Last year, at least 450 new structured products were linked to Apple, according to SLCG. Three-quarters of them were issued when the stock was at least $550. The shares closed Friday at $439.88, down $60 for the week.
As a result, the value of Apple-linked products suffered a one-week drop of more than 15%, estimates Craig McCann, founder of SLCG. “The vast majority of them are now underwater,” he says.
Many investors will get far less than they expected. Losses exceed 25% on more than 100 of last year’s Apple-related products, SLCG estimates.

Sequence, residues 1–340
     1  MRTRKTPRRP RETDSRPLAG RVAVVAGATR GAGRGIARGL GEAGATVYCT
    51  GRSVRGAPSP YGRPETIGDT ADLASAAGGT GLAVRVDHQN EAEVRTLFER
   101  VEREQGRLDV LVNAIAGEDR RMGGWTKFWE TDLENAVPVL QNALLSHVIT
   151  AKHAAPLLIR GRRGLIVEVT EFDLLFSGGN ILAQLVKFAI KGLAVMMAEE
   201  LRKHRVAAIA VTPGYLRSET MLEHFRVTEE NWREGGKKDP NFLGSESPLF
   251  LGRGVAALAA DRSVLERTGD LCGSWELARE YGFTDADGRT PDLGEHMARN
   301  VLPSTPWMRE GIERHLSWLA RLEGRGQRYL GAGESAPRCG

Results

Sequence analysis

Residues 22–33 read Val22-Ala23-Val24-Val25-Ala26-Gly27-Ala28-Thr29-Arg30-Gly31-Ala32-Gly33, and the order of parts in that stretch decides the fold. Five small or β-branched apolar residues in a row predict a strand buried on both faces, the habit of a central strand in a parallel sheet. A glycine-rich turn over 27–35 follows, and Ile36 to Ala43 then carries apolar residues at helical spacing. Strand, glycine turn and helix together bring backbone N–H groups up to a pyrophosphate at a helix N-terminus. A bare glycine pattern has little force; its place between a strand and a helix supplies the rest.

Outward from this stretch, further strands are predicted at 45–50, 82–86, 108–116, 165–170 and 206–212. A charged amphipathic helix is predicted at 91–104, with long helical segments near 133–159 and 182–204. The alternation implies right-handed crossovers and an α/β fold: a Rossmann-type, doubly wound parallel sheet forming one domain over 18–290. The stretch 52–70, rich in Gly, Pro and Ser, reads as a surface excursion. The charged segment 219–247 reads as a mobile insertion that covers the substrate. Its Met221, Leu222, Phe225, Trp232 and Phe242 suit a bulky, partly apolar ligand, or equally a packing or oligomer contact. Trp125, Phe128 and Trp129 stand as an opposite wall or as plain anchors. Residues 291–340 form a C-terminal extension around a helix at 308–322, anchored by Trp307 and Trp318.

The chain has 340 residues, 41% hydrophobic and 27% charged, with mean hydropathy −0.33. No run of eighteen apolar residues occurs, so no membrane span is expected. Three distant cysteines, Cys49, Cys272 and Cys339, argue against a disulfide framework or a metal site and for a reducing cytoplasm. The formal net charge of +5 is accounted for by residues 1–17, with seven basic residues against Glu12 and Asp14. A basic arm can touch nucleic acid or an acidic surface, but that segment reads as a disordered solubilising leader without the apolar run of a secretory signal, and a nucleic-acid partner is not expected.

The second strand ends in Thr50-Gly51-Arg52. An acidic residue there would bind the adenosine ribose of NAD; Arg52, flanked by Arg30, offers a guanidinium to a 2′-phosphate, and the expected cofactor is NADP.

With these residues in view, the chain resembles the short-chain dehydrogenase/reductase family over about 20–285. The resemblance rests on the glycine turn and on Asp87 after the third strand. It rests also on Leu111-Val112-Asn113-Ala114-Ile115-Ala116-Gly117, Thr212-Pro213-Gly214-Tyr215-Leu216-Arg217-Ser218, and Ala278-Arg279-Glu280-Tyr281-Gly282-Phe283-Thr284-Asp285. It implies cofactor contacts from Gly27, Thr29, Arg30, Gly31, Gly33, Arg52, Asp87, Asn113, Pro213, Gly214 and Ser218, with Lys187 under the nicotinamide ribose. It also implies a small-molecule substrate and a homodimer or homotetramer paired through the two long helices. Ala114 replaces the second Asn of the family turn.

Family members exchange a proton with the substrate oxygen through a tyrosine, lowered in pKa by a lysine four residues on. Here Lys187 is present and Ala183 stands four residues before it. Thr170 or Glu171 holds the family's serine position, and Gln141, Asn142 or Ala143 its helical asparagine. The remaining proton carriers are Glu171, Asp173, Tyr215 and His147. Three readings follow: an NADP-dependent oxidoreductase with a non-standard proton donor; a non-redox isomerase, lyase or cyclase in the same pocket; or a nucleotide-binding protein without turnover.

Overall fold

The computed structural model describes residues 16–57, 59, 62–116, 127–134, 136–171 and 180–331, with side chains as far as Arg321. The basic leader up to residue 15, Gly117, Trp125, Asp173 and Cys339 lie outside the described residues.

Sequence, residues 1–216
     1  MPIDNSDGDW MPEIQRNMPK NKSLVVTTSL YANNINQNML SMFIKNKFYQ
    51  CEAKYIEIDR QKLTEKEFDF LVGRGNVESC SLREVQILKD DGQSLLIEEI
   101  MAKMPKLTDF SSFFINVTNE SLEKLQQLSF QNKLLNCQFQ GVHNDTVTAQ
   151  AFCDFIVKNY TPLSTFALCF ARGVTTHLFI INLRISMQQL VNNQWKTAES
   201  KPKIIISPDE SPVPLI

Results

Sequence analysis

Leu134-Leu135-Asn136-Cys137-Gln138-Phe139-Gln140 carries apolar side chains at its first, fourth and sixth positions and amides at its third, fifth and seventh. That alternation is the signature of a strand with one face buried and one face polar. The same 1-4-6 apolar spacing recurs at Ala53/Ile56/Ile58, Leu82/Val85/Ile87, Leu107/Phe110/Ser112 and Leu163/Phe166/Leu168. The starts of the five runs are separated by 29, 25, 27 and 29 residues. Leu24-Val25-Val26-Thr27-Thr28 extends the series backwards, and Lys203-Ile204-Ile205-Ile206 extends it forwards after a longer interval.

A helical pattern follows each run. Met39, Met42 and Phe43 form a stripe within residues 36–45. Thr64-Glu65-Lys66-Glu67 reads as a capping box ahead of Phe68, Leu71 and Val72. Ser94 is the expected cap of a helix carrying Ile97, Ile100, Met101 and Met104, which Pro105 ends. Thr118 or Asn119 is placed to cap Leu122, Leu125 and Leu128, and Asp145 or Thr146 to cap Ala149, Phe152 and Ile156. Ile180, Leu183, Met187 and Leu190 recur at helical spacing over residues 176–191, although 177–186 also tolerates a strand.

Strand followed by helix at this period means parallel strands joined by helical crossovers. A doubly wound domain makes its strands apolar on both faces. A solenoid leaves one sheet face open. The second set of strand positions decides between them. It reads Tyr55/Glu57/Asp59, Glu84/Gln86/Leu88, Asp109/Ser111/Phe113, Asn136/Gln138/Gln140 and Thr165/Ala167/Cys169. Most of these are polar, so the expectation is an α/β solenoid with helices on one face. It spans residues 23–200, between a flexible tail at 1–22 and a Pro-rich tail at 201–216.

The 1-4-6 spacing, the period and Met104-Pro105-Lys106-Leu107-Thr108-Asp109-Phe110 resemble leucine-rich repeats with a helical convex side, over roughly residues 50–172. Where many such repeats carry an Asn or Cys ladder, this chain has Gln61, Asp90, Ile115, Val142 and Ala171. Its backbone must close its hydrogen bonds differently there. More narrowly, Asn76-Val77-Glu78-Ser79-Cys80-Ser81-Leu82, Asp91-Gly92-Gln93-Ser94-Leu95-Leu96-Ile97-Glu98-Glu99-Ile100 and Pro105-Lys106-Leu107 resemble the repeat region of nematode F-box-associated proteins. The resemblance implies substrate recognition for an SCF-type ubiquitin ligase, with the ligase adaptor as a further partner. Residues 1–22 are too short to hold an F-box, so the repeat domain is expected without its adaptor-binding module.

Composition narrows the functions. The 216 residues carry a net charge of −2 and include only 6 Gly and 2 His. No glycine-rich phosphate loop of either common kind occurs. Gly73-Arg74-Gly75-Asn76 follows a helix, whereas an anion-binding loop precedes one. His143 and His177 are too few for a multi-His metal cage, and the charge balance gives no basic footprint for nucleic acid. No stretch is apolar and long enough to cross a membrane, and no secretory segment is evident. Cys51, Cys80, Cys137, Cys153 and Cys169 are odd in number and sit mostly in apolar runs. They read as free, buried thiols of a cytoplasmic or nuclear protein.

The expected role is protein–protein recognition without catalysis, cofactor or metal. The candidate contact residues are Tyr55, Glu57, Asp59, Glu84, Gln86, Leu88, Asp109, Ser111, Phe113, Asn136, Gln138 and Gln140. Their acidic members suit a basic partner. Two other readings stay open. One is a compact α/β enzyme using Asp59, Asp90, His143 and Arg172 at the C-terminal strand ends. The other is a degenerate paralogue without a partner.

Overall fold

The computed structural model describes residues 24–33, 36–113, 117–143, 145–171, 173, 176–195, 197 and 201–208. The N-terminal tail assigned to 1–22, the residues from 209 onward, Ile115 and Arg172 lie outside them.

Investors should have asked this question before buying: Why would banks offer 10% interest when most one-year debt was paying about 1%?
The answer: Investment banks got something else in return. In plain English, the Apple-linked products gave firms a cheap way of hedging or betting that Apple’s stock would go down. Now, in many cases, they can dump the fallen stock on conservative bond investors who might not want it and, in turn, will sell it again.